Monday, June 27, 2022

Explore the Pyramids of Meroë

Fresh from climbing Mount Everest in 3D today I'm undertaking a tour of the Pyramids of Meroë. If you travel south down the River Nile through Egypt to Sudan, just before you get to Khartoum you will come to Meroë, the ancient capital of the Kushite Kingdom. Here you will discover an ancient city which is home to more than 200 pyramids.

Google Arts and Culture's Pyramids of Meroë is a fascinating virtual tour of the Nubian pyramids located in the Sudanese desert. The Pyramids of Meroë were constructed in the Kingdom of Kush during the Meroitic period (542 BC–4th century AD).

As you scroll through the Pyramids of Meroë you are taken on a virtual tour of a 3D model of the pyramid of King Arkamani the First. This tour explains how these distinctly steep sided structures were built over 2,500 years ago. Keep scrolling and you can dive inside the pyramid, explore the hieroglyphs on the Offering Chapel's walls and view a 3D illustration of the pyramid's underground tomb.

After exploring this 3D model of King Arkamani the First's pyramid you can explore Meroë for yourself  using Google Maps Street View. This Street View tour includes interactive panoramic images of the partially buried pyramid of King Kalka Kaltaly, the pyramid of Queen Amanitore and the pyramid of King Adeqetali.

GoeGuessr for Art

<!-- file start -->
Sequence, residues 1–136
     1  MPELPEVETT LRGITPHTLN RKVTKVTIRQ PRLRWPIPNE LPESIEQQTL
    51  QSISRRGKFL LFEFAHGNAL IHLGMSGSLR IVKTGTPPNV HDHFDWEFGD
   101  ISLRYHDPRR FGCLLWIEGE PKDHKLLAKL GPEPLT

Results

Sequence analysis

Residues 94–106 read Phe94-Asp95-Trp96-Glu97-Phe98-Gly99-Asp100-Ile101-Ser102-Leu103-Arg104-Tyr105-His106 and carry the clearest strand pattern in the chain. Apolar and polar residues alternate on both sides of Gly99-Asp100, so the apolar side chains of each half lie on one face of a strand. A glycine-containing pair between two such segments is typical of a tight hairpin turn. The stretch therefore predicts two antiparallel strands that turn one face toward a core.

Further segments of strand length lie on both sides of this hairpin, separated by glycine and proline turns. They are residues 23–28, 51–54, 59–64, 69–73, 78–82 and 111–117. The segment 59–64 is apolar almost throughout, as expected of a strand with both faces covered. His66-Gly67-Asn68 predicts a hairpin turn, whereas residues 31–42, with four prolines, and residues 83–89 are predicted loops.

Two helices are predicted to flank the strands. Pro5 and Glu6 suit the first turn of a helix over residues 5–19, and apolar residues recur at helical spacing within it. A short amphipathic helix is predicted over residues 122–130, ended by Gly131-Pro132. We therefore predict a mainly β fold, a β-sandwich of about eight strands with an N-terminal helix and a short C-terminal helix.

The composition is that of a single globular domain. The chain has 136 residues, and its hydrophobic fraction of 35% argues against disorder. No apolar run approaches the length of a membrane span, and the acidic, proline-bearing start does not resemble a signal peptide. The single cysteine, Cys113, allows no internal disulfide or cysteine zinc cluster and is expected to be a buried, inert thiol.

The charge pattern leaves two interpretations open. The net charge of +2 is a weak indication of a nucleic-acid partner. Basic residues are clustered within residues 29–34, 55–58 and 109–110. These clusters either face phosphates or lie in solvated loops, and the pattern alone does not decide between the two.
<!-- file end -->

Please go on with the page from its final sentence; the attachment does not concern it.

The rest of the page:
Geo Artwork is a fun game in which you have to guess where individual works of art were created. The game is very similar to the popular Geoguessr game, except instead of trying to work out the location of Google Maps Street View images you have to work out the origins of individual works of art.

In Geo Artwork you are shown a painting (or another type of artwork) and using your knowledge of art history and global art you have to guess where the artwork was created. To do this you just need to point to the location on the Geo Artwork map. You are then awarded points based on how close you guessed to the correct location.

If you need a little help with a painting you can click on the 'Learn More' button. This will reveal the artwork's entry on Google Arts and Culture, which includes information on the title of the artwork, the name of the artist and the museum or gallery where it is exhibited.